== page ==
Physicians would suffer irreparable harm if forced to comply with new Texas rules requiring face-to-face physical examination of patients prior to prescription of any dangerous drug or controlled substance, the U.S. District Court for the Western District of Texas held May 29 (Teladoc, Inc. v. Texas Medical Board).
The ruling, a win for advocates of telemedicine, included a preliminary injunction against Texas Medical Board rules adopted April 10 that require a “defined physician-patient relationship,” including a documented physical examination, before certain drug prescriptions.
Under the enjoined rule, examination would have to be performed in either a face-to-face visit or in-person evaluation requiring the provider and patient to be “in the same physical location or at an established medical site.”
The company Teladoc registers individuals either by telephone or online and allows subscribers to upload their medical records, then receive a phone consultation by a physician who has received specialized training in treatment and diagnosis by telephone.
Teladoc brought suit in 2011, after receiving a letter from the medical board stating that the board considered the company to be engaging in prohibited practices. After the state Court of Appeals found the board’s letter procedurally invalid, the board formally adopted new rules April 10.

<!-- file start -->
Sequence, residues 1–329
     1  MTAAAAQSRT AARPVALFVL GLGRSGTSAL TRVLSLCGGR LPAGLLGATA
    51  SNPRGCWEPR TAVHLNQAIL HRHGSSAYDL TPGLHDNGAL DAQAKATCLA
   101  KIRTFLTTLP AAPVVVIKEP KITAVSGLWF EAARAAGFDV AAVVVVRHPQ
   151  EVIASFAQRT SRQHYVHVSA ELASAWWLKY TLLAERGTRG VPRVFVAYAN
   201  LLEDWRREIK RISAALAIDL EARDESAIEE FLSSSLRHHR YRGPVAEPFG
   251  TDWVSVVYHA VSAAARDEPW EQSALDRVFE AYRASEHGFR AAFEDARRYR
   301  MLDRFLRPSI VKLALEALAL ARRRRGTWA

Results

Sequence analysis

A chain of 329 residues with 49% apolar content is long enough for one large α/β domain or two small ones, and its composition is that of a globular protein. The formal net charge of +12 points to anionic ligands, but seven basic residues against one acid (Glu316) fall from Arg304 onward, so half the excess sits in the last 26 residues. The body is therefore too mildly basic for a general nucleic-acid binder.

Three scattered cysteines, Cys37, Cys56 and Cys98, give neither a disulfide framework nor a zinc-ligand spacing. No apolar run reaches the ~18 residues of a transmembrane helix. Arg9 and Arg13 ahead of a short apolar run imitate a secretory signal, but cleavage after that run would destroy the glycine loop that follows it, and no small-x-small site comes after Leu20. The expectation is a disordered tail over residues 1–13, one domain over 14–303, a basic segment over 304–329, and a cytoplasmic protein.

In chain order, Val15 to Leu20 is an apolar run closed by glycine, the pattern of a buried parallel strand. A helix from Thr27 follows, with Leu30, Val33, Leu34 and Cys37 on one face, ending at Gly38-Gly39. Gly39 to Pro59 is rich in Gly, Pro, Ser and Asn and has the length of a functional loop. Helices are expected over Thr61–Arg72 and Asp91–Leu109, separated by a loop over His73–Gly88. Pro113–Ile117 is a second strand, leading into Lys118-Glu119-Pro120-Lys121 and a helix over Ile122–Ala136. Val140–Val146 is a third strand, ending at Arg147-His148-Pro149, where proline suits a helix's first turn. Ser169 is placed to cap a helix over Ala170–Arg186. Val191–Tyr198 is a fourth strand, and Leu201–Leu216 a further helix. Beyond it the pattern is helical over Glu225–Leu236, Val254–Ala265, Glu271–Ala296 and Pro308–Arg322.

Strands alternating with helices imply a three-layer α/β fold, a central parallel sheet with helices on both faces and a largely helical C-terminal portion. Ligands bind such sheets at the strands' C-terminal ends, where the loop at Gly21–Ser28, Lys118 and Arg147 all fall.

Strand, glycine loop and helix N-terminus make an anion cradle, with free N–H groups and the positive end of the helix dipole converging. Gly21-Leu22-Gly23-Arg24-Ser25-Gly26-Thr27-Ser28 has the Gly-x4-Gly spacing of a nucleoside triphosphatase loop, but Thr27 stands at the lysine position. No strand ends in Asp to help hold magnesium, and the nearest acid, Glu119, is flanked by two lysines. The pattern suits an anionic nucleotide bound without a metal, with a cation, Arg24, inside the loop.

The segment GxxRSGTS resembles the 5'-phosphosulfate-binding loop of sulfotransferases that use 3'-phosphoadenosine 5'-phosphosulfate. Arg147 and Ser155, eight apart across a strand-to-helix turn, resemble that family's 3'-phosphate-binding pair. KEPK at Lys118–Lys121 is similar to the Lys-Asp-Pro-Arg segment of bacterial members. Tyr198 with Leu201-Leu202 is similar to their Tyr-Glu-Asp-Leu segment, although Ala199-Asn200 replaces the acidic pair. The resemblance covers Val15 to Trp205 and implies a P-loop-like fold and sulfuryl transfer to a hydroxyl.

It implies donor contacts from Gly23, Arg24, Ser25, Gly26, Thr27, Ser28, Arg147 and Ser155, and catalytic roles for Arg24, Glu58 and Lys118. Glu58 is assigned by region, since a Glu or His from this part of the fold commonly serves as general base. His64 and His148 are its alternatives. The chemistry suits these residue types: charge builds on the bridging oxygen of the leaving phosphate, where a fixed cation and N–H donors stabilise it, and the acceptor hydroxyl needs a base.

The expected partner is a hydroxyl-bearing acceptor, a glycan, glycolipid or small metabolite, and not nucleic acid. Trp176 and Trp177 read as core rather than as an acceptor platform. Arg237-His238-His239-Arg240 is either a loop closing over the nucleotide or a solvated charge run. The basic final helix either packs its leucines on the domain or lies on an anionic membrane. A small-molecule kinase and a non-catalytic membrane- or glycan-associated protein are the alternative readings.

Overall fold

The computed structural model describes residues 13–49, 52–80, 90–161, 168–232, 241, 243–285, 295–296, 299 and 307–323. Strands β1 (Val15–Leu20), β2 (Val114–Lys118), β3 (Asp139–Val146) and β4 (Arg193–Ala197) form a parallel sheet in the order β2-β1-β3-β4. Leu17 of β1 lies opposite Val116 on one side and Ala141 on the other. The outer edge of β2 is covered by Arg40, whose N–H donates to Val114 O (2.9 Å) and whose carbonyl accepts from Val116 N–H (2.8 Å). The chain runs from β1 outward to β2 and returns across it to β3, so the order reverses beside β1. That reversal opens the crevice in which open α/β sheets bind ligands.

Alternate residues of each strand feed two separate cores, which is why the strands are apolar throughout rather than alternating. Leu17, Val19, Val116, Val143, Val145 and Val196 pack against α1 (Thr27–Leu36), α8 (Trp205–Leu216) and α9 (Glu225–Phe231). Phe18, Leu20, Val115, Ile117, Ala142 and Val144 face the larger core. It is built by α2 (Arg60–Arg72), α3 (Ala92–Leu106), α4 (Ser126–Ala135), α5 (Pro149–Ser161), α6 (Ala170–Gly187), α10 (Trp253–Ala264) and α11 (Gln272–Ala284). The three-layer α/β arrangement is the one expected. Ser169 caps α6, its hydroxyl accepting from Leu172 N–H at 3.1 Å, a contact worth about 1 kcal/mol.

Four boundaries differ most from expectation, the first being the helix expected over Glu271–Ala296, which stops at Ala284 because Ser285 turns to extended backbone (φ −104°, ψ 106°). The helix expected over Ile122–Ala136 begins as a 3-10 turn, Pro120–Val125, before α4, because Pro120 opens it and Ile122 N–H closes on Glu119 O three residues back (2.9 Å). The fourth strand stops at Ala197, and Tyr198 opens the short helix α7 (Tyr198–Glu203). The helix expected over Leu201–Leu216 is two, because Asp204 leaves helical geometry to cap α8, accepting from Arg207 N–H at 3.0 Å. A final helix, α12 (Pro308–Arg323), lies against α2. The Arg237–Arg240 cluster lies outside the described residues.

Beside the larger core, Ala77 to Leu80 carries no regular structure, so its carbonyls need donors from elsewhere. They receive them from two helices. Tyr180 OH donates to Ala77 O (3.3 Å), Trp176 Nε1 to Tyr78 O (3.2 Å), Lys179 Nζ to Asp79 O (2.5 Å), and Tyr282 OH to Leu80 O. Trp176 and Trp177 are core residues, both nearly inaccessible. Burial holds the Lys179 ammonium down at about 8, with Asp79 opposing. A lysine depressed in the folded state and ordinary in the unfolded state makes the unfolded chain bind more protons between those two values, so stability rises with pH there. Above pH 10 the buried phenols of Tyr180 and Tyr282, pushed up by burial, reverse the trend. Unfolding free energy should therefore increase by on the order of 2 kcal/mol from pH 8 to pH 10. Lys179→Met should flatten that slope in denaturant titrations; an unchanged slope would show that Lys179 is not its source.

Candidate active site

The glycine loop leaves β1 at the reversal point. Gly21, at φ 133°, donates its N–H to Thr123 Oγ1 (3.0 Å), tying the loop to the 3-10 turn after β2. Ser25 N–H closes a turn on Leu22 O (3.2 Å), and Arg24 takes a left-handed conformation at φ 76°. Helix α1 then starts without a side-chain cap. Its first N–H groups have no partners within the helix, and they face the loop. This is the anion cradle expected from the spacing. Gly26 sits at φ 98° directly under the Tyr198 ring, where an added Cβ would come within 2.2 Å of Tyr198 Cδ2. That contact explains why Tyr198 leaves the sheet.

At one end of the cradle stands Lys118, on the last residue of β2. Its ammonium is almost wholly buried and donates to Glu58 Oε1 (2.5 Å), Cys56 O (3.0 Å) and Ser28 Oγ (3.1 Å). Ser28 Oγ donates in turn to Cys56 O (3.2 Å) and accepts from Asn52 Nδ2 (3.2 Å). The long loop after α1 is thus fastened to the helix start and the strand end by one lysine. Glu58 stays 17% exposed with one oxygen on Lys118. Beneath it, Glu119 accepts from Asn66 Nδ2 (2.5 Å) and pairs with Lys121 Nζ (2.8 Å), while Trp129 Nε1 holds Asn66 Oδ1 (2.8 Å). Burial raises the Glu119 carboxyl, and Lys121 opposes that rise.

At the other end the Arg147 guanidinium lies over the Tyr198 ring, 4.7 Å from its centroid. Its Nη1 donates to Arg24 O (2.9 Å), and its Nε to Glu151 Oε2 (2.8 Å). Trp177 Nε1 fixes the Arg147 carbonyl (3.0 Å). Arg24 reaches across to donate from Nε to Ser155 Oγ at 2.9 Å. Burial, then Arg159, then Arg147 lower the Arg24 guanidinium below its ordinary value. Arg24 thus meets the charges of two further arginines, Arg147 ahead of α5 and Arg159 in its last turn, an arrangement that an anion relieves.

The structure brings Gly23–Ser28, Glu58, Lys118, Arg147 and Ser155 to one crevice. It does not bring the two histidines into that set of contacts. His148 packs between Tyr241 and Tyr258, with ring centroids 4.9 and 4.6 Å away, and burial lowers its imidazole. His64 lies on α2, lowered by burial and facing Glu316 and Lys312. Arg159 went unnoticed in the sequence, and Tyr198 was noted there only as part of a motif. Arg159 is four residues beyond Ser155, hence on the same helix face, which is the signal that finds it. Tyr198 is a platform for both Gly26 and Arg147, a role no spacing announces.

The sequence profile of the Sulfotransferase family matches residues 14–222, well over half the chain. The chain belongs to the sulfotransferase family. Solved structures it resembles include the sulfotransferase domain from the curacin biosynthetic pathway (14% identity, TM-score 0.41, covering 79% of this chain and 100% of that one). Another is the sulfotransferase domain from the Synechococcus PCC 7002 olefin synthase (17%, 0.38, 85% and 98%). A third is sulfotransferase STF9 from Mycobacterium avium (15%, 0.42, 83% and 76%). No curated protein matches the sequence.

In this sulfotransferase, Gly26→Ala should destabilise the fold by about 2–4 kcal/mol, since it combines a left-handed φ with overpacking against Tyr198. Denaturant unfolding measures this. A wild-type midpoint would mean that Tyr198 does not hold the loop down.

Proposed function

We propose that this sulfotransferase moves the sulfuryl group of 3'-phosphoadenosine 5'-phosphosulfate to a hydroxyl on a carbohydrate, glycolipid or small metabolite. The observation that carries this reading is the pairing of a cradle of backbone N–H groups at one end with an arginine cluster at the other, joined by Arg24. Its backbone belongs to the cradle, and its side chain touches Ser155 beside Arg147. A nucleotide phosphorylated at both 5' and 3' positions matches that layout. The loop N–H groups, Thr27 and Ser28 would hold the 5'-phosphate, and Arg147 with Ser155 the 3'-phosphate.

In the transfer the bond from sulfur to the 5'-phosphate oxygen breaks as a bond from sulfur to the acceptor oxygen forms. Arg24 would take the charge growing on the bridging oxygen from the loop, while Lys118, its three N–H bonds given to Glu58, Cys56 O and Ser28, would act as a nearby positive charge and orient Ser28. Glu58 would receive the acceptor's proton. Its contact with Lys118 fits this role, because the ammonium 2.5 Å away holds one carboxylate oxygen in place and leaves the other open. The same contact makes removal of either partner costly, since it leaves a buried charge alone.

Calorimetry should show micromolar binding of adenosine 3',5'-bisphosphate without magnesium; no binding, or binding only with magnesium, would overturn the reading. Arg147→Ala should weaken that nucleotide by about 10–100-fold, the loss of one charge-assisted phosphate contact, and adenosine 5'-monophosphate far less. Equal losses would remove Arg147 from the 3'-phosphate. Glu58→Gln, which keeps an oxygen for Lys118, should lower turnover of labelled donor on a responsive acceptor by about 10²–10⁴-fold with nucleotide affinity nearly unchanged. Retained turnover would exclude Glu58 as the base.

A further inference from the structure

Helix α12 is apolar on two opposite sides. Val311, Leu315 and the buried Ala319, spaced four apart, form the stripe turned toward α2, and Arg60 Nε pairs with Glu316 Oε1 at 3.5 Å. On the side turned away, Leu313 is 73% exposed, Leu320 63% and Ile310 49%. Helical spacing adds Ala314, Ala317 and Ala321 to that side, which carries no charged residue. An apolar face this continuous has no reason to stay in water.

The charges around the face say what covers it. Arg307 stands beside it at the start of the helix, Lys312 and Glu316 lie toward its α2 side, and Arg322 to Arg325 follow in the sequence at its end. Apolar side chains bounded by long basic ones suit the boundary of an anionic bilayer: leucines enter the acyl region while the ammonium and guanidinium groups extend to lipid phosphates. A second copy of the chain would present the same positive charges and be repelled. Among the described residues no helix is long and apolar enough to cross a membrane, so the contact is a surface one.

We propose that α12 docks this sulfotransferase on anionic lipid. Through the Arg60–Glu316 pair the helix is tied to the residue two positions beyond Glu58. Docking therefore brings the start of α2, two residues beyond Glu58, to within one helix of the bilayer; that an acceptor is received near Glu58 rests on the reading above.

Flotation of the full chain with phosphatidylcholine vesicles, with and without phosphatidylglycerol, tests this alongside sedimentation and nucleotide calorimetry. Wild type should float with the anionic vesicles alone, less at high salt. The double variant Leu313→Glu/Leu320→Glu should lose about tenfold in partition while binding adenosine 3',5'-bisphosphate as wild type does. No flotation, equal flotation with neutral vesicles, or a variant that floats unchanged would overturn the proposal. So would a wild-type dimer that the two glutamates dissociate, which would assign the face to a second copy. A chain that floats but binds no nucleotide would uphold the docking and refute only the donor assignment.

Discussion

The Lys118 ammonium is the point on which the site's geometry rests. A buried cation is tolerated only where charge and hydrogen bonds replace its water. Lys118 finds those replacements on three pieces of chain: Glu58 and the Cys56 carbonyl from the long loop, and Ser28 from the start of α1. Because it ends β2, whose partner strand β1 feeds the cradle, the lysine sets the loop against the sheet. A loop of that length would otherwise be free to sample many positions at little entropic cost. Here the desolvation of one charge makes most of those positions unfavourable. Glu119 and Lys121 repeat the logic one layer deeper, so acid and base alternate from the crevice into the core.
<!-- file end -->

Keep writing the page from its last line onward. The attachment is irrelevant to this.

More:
Teladoc then filed an action charging that the board’s New Rule violated antitrust law as well as the Commerce Clause of the Constitution, and seeking a preliminary injunction preventing enforcement.
The federal court ruled that Teladoc’s challenge succeeds under both “prima facie” and “rule of reason” antitrust analysis. Teladoc’s evidence, said the court, “shows the average costs of visits to a physician or emergency room are $145 and $1,957 respectively, and the cost for a Teladoc consultation is typically $40.
The court considered evidence offered by the medical board including a study performed in California which found that Teladoc physicians are unable to use visual cues to aid in diagnosis and that Teladoc’s model could actually further fragment health care. However, Teladoc provided an affidavit from one of the two researchers who conducted the study stating that the medical board mischaracterized his conclusions.
In sum, the court found, “[Teladoc has] presented significant evidence which undermines the [board’s] contention that the quality of medical care will be improved” by the telemedicine restrictions.
In imposing the injunction against the rules, the court noted that Teladoc had shown specific evidence of the financial harm it would suffer, likely including destruction of its business model and ability to do business in Texas. The medical board presented “only anecdotal evidence” of possible harm, the court said, while Teladoc produced evidence that consumers will face higher prices for medical care as well as reduced access. The balance of respective interests of the parties and the public, the court concluded, weighs in favor of a preliminary injunction against the telemedicine curbs.
© 2015 Professional Licensing Report, published by ProForum, a non-profit research group, www.plrnet.org. Reprinted by permission.